Housing projects
The prime need of the hour for those unfortunate members of our society are houses - a shelter to protect them and their children for the future. The Government has launched a temporary and a permanent housing programme for the thousands rendered homeless by the tsunami disaster.

The implementation of the planned housing programme focuses on the need for sufficient stocks of timber for the houses including wooden frameworks. The State Timber Corporation has stepped in at this juncture to supplement this need. Since the required large stocks of timber could not be locally produced, arrangements are underway to import timber as a temporary measure.

The State Timber Corporation (STC) gets its timber supplies from forest plantations released to the STC by the Forest Conservation Department. But these forest plantations, within a short period of two months will not be able to yield adequate stocks required for the housing programme. This therefore has prompted the necessity for assistance from foreign and non-governmental organisations for the programme.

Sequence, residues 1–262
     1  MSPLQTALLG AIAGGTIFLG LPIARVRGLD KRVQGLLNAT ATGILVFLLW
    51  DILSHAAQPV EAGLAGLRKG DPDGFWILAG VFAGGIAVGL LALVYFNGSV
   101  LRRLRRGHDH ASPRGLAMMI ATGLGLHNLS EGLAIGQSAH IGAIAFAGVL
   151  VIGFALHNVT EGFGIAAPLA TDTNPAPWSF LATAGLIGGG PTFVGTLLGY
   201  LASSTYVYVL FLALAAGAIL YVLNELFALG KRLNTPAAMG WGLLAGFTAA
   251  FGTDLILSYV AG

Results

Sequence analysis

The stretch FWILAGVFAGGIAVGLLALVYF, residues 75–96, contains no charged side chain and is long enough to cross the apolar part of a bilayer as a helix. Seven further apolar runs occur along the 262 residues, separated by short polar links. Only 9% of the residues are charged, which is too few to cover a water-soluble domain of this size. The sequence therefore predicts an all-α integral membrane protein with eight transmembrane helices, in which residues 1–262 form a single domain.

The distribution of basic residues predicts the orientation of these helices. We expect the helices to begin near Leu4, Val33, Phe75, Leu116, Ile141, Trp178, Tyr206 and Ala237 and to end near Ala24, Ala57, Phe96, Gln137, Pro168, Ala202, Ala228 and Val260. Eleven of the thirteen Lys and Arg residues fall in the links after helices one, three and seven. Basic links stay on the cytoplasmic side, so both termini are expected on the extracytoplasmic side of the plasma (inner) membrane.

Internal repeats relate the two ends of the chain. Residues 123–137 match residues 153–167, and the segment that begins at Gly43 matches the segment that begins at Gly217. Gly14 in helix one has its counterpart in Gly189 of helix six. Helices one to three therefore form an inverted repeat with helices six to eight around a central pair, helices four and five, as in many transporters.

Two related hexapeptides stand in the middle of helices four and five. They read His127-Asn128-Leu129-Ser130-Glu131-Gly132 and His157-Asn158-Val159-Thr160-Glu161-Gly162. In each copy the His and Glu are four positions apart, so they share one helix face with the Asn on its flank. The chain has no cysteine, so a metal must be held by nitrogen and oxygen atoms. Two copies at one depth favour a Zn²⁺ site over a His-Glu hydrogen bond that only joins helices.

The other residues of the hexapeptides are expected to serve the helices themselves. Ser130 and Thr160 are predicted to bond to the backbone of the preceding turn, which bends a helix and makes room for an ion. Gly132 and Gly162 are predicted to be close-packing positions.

The STC has agreed to provide the timber requirements for three thousand permanent houses out of the thirty thousand houses targeted by the Government. It is estimated that 13,000 cubic metres of timber would be required for the three thousand houses, but the STC currently could provide only 3000 cubic metres of wood. To meet the estimated requirements of timber, the STC has made a request to the Environment and Natural Resources Minister A.H.M.Fowzie to release more forest-plantations for timber-harvesting by the Corporation.

For temporary houses, pinus wood would be made available but for the construction of permanent houses the requirement would be around 100,000 cubic metres of solid timber which would include timber for door and window frames too. The STC has deployed one bulldozer and 10 lorries for timber transportation in the tsunami affected areas.